After period 86, for example, display data are read out from DRAM 60 for the first two of three consecutive 98.9 Hz V.SYNC periods during period 90. Because DRAM 58 is being written to at the timing of V.SYNC from the Receiver 50, the writing of received display data to DRAM 58 is not completed until more than two 98.9 Hz V.SYNC periods have elapsed since the beginning of period 90. That is, all of the display data have been read out from the DRAM 60 before the process of writing data to the DRAM 58 has been completed during period 92. Thus, DRAM 58 is not ready to be read from at this time. Therefore, the display data once read out from DRAM 60 during the first part of period 90 are again read out for the last 98.9 Hz V.SYNC interval 94 of period 90. The viewer of the monitor 22 is not even aware that the same display data are being repeated. Thereafter, the display data are read out from DRAM 58. This process repeats during every display data read/write cycle thereafter.
In the above-described embodiment, the scaling engine resides in the monitor. However, in another embodiment the scaling engine can reside within the PC. Referring now more particularly to FIG. 10, a second embodiment of the invention includes a PC 30 having a scaling engine 34 incorporated therein. This scaling engine 34 performs the same conversion of the digital display signals output within the PC 30 and outputs the converted digital display signals to a D/A converter 28 of the single horizontal scanning frequency CRT monitor 22 for display. This conversion can be according to the terms of FIG. 9A. The horizontal scanning frequency of the monitor 22 is fH, which in the preferred embodiments described herein is 80 kHz. The scaling engine 34 can also be embodied in an integrated circuit chip of the type described in U.S. Pat. No. 5,602,599 and manufactured by Genesis Microchip Inc., 1999 Concourse Dr., San Jose Calif. 95131 as models gmZ1, gmZ2, gmZ3, gmZd1, or gmZRX1. Scaling engine 34 can also be a specially programmed microprocessor. Further, the scaling engine 34 can have essentially the same construction as the circuit of FIG. 7 with the TMDS receiver 50 being replaced by the display adapter of the PC 30. In this embodiment, the conversion is according to FIG. 9B.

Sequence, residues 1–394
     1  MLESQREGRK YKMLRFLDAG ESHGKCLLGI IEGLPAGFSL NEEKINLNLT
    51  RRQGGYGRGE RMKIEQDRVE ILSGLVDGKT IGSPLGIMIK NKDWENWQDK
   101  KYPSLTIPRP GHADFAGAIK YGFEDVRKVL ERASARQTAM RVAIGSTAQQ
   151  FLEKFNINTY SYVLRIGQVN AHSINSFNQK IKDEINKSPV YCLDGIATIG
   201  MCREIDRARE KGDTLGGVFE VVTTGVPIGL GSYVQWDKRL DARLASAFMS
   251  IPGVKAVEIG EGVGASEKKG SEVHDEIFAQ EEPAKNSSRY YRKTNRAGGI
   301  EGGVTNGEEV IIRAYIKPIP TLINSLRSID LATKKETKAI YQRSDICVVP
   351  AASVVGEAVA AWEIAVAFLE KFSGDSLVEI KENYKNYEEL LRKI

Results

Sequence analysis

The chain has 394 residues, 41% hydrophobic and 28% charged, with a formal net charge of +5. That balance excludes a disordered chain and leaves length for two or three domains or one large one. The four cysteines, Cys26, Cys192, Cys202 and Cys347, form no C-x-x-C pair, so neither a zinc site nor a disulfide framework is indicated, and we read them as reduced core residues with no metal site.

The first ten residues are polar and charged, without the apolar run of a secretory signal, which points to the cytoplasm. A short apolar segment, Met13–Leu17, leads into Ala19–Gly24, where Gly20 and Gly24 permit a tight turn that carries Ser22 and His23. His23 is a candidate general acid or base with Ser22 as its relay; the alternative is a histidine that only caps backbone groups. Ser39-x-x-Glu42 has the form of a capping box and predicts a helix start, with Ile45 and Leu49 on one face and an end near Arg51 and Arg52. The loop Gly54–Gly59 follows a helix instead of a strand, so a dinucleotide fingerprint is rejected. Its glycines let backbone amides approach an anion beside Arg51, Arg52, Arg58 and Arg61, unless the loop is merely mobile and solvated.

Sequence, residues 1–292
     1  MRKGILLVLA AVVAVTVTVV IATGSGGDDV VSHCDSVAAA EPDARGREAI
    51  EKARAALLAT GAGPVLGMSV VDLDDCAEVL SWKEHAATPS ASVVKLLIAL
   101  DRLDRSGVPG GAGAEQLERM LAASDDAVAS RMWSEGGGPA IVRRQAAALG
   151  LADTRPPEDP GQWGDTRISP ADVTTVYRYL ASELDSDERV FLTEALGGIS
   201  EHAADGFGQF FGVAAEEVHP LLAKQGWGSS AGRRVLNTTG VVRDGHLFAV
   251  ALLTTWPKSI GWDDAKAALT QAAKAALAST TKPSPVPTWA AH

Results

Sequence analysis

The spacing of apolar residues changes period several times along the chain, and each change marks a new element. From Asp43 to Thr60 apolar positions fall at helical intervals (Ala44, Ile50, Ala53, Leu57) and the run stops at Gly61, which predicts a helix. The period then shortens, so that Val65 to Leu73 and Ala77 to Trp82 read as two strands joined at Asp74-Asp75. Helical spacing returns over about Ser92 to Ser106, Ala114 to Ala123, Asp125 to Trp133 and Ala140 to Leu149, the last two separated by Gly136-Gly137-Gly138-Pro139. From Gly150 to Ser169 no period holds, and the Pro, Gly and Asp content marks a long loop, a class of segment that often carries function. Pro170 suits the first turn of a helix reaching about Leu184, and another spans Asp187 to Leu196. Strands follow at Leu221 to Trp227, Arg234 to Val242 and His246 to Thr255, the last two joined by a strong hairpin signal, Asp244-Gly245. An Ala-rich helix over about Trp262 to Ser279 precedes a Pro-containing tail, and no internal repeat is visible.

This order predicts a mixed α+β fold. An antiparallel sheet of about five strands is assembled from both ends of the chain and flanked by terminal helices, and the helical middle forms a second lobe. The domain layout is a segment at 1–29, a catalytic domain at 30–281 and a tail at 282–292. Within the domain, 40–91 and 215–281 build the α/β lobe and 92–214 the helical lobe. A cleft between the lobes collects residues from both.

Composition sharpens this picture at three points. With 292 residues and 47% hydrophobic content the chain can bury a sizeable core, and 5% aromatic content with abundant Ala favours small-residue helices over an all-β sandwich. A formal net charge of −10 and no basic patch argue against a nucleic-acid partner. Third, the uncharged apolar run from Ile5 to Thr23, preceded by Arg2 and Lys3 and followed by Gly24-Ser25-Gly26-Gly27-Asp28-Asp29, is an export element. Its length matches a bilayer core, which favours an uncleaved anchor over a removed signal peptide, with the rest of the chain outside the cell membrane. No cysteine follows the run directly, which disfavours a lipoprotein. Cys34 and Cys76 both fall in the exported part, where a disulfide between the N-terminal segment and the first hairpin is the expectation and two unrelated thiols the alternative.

Described above is a single horizontal scan range CRT monitor that enables a single scan CRT to be economically and conveniently interfaced to PCs having different digital display outputs.
Although the present invention has been shown and described with respect to preferred embodiments, various changes and modifications are deemed to lie within the spirit and scope of the invention as claimed. The corresponding structures, materials, acts, and equivalents of all means or step plus function elements in the claims which follow are intended to include any structure, material, or acts for performing the functions in combination with other claimed elements as specifically claimed.
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|U.S. Classification||345/3.2, 348/E07.009, 348/441|
|International Classification||G09G5/391, H04N5/68, H04N7/01, G09G1/16, G09G5/00|
|Cooperative Classification||G09G2340/0421, G09G1/167, G09G2340/0414, H04N7/0105, G09G2360/02, G09G2340/0407|
|European Classification||H04N7/01B, G09G1/16T4|
|Feb 14, 2000||AS||Assignment|
Owner name: SONY CORPORATION, JAPAN
Free format text: ASSIGNMENT OF ASSIGNORS INTEREST;ASSIGNORS:NARUI, YOSHIHISA;ESPINOSA, PABLO A.;REEL/FRAME:010548/0871;SIGNING DATES FROM 19991108 TO 19991112
Owner name: SONY ELECTRONICS INC., NEW JERSEY
Free format text: ASSIGNMENT OF ASSIGNORS INTEREST;ASSIGNORS:NARUI, YOSHIHISA;ESPINOSA, PABLO A.;REEL/FRAME:010548/0871;SIGNING DATES FROM 19991108 TO 19991112
|Mar 25, 2003||CC||Certificate of correction|
|May 6, 2005||FPAY||Fee payment|
Year of fee payment: 4
|May 6, 2009||FPAY||Fee payment|
Year of fee payment: 8
|Mar 14, 2013||FPAY||Fee payment|
Year of fee payment: 12
|Aug 11, 2015||AS||Assignment|
Owner name: SONY CORPORATION, JAPAN
Free format text: ASSIGNMENT OF ASSIGNORS INTEREST;ASSIGNOR:SONY ELECTRONICS INC.;REEL/FRAME:036330/0420
Effective date: 20150731